Unfortunately many of 'our kind' who enjoy the 'great outdoors' have little respect for nature or their fellow transient residents. They choose to make our parks and preserves look like the very places we all seek to escape. It's a shame.

Ansel Adams recorded views of our great national resources that will never be seen again in the same way because the air quality has become so poor. We will not see it the same way again in our lifetimes. The big question is this: How do we as a nation continue to make these great resources available to the public while continuing to maintain them in their natural state as wonders?

What can we do as the Airstream community to preserve our natural heritage and to encourage everyone who enjoys our natural resources to be responsible stewards so generations to come will have the same splendor and natura majesty to enjoy that we have been endowed with?

We have the organization (WBCCI), we have the membership, and we have the resources. We need to begin to become more active politically for our own sakes, and work to have a say at the national level regarding these issues. The precedent was set by Wally Byam. We should continue spreading his message among RVers and Congress.
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Old 05-11-2003, 11:00 AM   #6
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Interesting perspective.

I agree with numbers come clout. Perhaps you are right that our fourm can make a difference.

Eric
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Old 05-11-2003, 11:38 AM   #7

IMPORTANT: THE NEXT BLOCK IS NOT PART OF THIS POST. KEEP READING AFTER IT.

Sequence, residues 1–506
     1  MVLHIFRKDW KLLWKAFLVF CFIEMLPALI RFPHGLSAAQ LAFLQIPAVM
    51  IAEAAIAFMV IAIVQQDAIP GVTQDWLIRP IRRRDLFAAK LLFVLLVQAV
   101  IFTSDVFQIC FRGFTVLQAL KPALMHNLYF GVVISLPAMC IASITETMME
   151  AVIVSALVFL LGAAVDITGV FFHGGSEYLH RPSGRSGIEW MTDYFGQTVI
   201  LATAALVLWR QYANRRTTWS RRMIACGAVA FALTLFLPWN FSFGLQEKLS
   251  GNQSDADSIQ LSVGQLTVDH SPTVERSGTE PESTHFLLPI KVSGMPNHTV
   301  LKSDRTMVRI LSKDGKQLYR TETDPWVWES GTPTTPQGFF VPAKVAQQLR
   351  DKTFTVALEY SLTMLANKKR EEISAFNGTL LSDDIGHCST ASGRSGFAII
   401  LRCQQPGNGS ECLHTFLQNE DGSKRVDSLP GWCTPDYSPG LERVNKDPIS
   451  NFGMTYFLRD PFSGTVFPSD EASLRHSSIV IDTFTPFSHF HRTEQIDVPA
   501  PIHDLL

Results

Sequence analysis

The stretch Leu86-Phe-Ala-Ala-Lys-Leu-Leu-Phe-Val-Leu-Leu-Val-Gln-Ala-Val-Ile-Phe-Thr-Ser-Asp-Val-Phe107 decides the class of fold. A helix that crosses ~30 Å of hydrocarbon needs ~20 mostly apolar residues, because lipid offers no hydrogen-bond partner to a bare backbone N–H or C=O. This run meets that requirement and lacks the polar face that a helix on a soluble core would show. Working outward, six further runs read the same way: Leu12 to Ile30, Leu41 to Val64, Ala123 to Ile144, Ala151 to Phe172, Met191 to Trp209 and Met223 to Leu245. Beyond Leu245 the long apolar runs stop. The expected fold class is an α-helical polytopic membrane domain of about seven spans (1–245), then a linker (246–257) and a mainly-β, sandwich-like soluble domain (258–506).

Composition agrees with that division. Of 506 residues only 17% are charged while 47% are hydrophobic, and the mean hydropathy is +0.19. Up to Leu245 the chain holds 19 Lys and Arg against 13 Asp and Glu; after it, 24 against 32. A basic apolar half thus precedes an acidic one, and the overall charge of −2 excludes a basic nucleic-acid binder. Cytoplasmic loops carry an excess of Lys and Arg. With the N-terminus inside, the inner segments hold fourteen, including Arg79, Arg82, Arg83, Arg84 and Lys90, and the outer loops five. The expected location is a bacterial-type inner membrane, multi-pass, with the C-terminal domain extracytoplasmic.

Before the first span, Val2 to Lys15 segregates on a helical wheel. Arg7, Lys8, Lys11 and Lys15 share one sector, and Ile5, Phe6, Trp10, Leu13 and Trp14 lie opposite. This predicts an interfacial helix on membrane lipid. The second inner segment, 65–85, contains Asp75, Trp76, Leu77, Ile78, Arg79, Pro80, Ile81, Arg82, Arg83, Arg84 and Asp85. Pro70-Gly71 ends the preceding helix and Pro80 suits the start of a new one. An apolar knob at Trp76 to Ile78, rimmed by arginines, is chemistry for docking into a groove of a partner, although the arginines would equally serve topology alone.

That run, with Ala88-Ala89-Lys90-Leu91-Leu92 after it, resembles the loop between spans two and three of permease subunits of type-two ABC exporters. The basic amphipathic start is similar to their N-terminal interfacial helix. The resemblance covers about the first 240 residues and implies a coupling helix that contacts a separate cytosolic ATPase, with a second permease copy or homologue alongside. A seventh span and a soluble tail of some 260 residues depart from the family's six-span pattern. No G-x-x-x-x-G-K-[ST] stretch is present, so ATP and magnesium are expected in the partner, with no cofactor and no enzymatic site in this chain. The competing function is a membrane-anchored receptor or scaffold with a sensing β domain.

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I agree it's the people who are ruining a lot of opportunities for everyone else. Around here it's dogs that seem to be getting negative attention from the press and outdoor enthusiasts lately. The laws regarding bringing your dogs into parks are getting stricter and stricter, but of course there are some people who don't obey the laws, and their dogs cause trouble, and so the parks stiffen their laws even more. In national parks, like the Olympics and Mt Ranier, dogs aren't allowed on trails at all! Problem is, the people who disobeyed the laws in the first place continue doing so (and enjoying the outdoors with their dogs), while law abiding dog owners have to go elsewhere or leave the pets at home. The same thing applies to snowmobiles, 4x4s, ATVs, etc. The people who are a problem aren't effected by the laws enacted to stop them, and there's not enough policing in the world to catch them at it, especially in the wide open spaces.

The other side of that is that ATVs, snowmobiles, 4X4s, etc have powerfull lobbys to look out for their interests, whereas dogs don't. So there are even some state parks where dogs are not allowed. We have reservations later in the summer to take the trailer to The Point RV Park on Emmigrant Lake, a county park in Ashland, OR. Dogs are allowed in the RV Park, but not in the park itself!

I think trailering has many of the same issues. Like we've discussed on other threads, there are people who spoil it for everyone, living in a walmart parking lot, dumping their waste irrisponsibly, and cause those who make the laws to restrict everyone in the group, even if the group is 95% good. There should definitly be lobbying for trailer access, parking, etc from the WBCCI membership as well as other trailering groups. There's a lot of money at stake for those who keep access open to trailers and welcome them, and having a large group of people reminding them of that is a good idea. Likewise, the trailer owners need to do what they can to spread the word on how to be a good guest. There will always be some who don't, but we shouldn't all be punished for it.

Sorry to go off so long. This is a real sore spot with me. I'm tired of seeing my rights taken away because of other people's bad behaviors. Especially when it doesn't really stop the problem.
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Old 05-11-2003, 01:24 PM   #8
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Well here is a sore spot with me.